Photo: Junk food tax
Mexico’s private sector railed against the inclusion in a federal tax overhaul bill of a last-minute 5 percent “junk food” levy, which was approved by the lower house finance committee.
“We’re urging legislators, in this process of adding amendments to the proposals, to avoid coming up with last-minute taxes,” the president of the Business Coordinating Council, Gerardo Gutierrez Candiani, said.
“The Mexican private sector is profoundly upset because we think (much of the tax overhaul) is not going in the right direction,” he added.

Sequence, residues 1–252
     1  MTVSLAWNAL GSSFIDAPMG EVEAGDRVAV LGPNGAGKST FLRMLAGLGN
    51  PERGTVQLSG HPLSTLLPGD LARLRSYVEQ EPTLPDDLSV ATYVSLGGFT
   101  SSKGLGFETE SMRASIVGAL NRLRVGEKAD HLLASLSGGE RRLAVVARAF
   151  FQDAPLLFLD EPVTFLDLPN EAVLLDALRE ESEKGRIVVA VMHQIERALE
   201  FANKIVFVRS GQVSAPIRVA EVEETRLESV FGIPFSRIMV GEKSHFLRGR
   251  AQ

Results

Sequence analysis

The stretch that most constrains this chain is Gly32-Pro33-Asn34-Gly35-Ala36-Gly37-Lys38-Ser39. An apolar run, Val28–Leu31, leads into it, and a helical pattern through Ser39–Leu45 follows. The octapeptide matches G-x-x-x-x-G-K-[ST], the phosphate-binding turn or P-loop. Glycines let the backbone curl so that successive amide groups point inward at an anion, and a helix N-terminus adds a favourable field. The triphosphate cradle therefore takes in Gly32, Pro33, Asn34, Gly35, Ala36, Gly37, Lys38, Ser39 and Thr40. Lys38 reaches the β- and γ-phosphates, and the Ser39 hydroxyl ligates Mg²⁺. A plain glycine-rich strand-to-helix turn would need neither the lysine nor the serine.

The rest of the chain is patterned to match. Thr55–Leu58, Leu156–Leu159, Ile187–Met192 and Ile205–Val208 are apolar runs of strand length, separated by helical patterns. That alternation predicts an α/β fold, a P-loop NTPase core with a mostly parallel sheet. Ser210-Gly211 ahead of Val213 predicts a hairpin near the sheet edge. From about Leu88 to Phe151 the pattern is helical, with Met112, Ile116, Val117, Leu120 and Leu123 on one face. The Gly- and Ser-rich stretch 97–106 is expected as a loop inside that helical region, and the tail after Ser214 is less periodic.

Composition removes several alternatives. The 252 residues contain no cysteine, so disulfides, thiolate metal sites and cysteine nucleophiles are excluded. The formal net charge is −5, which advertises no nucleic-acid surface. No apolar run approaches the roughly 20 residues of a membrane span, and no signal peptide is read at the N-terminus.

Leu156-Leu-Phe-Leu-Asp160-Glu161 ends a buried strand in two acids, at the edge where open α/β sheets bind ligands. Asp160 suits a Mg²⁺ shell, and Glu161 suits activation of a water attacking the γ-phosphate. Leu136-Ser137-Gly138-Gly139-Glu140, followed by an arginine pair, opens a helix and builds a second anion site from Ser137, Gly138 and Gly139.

Business leaders have called for a tax overhaul that spurs economic growth and does not merely seek to raise revenue, Gutierrez Candiani said.
He called on lawmakers to act responsibly and with vision of the Mexico they want to build in analyzing and adding amendments to the tax overhaul legislation.
“Last-minute taxes ... that hurt the manufacturing sector, workers and Mexican society are unacceptable, and the private sector roundly rejects them,” Gutierrez Candiani said.
For his part, the president of the National Confederation of Chambers of Commerce, Services and Tourism, Jorge Davila, said the proposed levy would complicate the tax-collection process.
“I’d like to know who’s going to determine what’s junk food and what isn’t junk food,” he said.